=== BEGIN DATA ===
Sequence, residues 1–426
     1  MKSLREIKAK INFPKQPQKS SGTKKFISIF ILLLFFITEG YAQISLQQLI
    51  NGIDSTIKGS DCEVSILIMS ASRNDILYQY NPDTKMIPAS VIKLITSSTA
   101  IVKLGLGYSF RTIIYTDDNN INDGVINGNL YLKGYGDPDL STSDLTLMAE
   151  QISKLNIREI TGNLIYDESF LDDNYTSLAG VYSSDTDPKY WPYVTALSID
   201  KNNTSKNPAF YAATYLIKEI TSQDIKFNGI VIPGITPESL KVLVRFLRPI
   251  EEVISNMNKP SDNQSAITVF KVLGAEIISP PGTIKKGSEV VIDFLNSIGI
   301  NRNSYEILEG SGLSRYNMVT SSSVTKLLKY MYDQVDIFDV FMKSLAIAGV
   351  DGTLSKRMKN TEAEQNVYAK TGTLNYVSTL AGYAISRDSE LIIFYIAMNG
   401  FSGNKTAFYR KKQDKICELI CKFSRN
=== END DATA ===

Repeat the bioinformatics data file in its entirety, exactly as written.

Sequence, residues 1–426
     1  MKSLREIKAK INFPKQPQKS SGTKKFISIF ILLLFFITEG YAQISLQQLI
    51  NGIDSTIKGS DCEVSILIMS ASRNDILYQY NPDTKMIPAS VIKLITSSTA
   101  IVKLGLGYSF RTIIYTDDNN INDGVINGNL YLKGYGDPDL STSDLTLMAE
   151  QISKLNIREI TGNLIYDESF LDDNYTSLAG VYSSDTDPKY WPYVTALSID
   201  KNNTSKNPAF YAATYLIKEI TSQDIKFNGI VIPGITPESL KVLVRFLRPI
   251  EEVISNMNKP SDNQSAITVF KVLGAEIISP PGTIKKGSEV VIDFLNSIGI
   301  NRNSYEILEG SGLSRYNMVT SSSVTKLLKY MYDQVDIFDV FMKSLAIAGV
   351  DGTLSKRMKN TEAEQNVYAK TGTLNYVSTL AGYAISRDSE LIIFYIAMNG
   401  FSGNKTAFYR KKQDKICELI CKFSRN